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How do you calculate

  1. Nov 8, 2003 #1
    the self-capacitance and self-inductance of a coil? Are there equations for these where I won't need to know the number of turns? Since I think #2 is no, are there meters I can buy to measure this, or can I use the measurements from a volt/resistence meter I already have?
     
  2. jcsd
  3. Nov 10, 2003 #2
    the self-inductivity is given by :

    L = - (dI/dt)*(1/Us)

    where dI/dt is speed of current variation (dI is current variation, dt is time of variation), and Us is sefinductivity voltage.
     
  4. Nov 10, 2003 #3
    Thanks for repling! How do I know the self-inductivity voltage? Any ideas about self-capacitance? L seems like it should be proportional to the # of turns or the length of wire or something, why not?
     
  5. Nov 11, 2003 #4
    oi couldnt figure the easier way for determining selfinductivity if you already have em. coil, so here it is :

    we need basic three values about coil, it's current, voltage, and resistance. i believe you already know voltage, so you can measure the resistance of coil with normal ohmmeter, and then get current with I = U / R.

    we need to know number of turns too. use the formula R = ro * (l/S), where ro is specific resistance (you can find those values on the internet for every material, for copper is 0,0175), l is length of wire and s is surface (in mm2). then you can use simple geometry to determine number of turns. you need to know the surface value for that. N = lair / 2*sqrt(S/3.14). lair is lenght of coil, not of wire, and you can use normal meter to measure it.

    in my previous post i gave that formula. Us is selfinductivity, and L is inductivity. Us is voltage that appears when magnetic flux changes inside the coil as direct effect of current change trough coil. so we need to know inductivity to determine selfinductivity.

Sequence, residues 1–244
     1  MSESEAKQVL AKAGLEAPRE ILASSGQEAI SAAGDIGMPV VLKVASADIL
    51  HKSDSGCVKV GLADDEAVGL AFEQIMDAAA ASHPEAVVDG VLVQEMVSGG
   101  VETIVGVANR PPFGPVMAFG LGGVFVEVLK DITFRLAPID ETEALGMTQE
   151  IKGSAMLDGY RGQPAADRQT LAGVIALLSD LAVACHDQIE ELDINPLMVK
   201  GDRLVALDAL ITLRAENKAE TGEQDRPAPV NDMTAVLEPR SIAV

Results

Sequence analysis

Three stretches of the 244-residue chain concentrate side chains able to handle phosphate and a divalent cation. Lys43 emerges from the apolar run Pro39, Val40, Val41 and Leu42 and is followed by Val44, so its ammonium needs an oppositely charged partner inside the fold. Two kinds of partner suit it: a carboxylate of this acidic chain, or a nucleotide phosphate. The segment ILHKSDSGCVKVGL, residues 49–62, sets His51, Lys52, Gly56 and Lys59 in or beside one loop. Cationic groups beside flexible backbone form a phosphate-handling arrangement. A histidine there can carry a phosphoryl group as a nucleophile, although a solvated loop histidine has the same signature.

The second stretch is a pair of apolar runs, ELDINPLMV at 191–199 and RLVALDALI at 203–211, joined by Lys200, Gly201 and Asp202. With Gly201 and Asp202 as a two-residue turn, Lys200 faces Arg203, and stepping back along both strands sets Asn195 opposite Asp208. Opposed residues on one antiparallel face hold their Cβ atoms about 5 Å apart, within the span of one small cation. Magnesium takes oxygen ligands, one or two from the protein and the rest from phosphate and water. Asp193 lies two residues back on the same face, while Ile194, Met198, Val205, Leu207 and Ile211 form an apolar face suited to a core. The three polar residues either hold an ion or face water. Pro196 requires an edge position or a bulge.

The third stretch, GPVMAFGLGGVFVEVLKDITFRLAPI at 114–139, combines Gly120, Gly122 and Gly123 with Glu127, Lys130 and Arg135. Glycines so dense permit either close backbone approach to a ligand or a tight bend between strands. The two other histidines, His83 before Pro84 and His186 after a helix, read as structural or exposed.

Us = -L*(dI/dt)

    inductivity : L = N^2 / Rm . we already calculated number of turns so onlything that's left is Rm, the electromagnetic resistance.

    Rm = theta / fi

    theta = I * N , the magnetomotoric force. we have both of values required, the current trough coil and number of turns

    fi = B * S, the magnetic flux. note that S here isnt same as surface of the wire, it's the surface of electromagnetic pole. you can determine it by measuring the radius of the coil, and then using r^2*pi.

    B = [mi-zero]*[mi-relative]*(I*N)/l , the field strenght. [mi-zero] is permeability of free space constant, and it equals 1,257e-6 (0,000001257). [mi-relative] is permeability of core. if your coil doesnt have iron or other core beneath it, then youre using air coil, and [mi-relative] is 1. for other materials refer to this URL : http://www.oz.net/~coilgun/theory/materials.htm.
     
  6. Nov 12, 2003 #5
    That was a little over my head and more work than I was expecting. I'm thinking maybe I should just buy a digital inductance/capacitance meter...
     
  7. Nov 12, 2003 #6
    it's not that hard. if you post here all specifications you have on your system, i'd be happy to do the math for you.
     
  8. Nov 12, 2003 #7
    I don't yet have a particular system in mind. When I do, I will PM you, thanks.
     
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